North Carolina State University (UNITED STATES)
About this paper:
Appears in: INTED2010 Proceedings
Publication year: 2010
Pages: 4158-4167
ISBN: 978-84-613-5538-9
ISSN: 2340-1079
Conference name: 4th International Technology, Education and Development Conference
Dates: 8-10 March, 2010
Location: Valencia, Spain
Most introductory courses at our University are taught in a standard lecture-based format in classrooms of 150-250 students. In this environment, there is little interaction with the instructor or the course content, and some students have expressed dissatisfaction with lectures that consist mainly of bullet points on PowerPoint™ slides. With the emergence of the Internet and tools for constructing multimedia, we decided to utilize digital technology to provide an interactive environment for introductory biology courses. Our goals were to increase the depth of student learning and retention of major biological concepts and to develop student skills in synthesis of information, critical thinking, and problem solving. Over a 2-year period we have developed a section of the 4-credit hour course Introductory Biology II which is offered non-synchronously via the Internet and includes a virtual laboratory component. This section offers a flexible alternative for students on campus as well as providing a distance education opportunity for off-campus and non-degree students. The course website consists of weekly topics with outlines of the major points and links to more detailed content. During their exploration of each topic, students interact with learning objects and discover information through videos, animations, and images with audio narration and scrolling text. The most challenging aspect of this course was the development of an online laboratory experience. Although, we could not provide “hands on” experience with laboratory materials and equipment, we were successful in producing laboratory exercises that demonstrated equipment use through videos recorded in our laboratory classroom. With the assistance of Flash-Zoomify™ technology and a Java programmer, we also provided simulations of equipment, such as microscopes and spectrophotometers, which students used to collect laboratory data. Other web-based tools included simulations of protein and DNA electrophoresis and a web-based plotter for graphing data. Since online laboratory procedures require less time than those performed in the classroom, we were able to add additional activities and applied problems. The weekly laboratory component was based on assignments that included digital images captured and labeled by the students, genetics problems, and tasks requiring data analysis and critical thinking skills. In order to grade the weekly work of 70 students in a reasonable time period, we utilized WebAssign™, a provider of web-based instructional tools that specializes in online homework submission and quizzing. This allowed approximately half of each assignment to be graded automatically, while the remainder could be efficiently graded online by teaching assistants with feedback to students on incorrect answers. Student response to the course has been positive, including enthusiastic comments about the online laboratories. Based on grade distribution, student questionnaires, focus groups and quality of student work, we conclude that students in the online section are more motivated, have a greater understanding of biological concepts and are better at analyzing data than students in the standard classroom sections.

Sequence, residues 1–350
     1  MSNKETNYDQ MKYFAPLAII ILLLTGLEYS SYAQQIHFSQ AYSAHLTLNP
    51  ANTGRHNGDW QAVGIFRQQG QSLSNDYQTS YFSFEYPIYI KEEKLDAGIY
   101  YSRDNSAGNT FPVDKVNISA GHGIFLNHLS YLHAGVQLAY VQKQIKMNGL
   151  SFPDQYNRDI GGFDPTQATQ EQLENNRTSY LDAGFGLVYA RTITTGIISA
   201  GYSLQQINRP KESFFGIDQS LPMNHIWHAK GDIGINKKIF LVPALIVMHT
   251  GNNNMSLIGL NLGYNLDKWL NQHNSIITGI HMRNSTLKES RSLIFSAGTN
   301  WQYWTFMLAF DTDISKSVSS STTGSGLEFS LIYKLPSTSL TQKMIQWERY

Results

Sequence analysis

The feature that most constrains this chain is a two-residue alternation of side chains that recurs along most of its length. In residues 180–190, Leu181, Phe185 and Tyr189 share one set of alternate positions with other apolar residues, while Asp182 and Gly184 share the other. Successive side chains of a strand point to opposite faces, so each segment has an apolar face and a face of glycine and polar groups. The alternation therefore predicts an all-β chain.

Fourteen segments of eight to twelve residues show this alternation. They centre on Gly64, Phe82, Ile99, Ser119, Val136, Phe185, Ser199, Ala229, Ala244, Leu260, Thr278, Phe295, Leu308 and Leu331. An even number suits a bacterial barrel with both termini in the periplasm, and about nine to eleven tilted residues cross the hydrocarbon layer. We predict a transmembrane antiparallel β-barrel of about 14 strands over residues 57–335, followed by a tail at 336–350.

Teaching technology, online laboratories, undergraduate learning, distance education.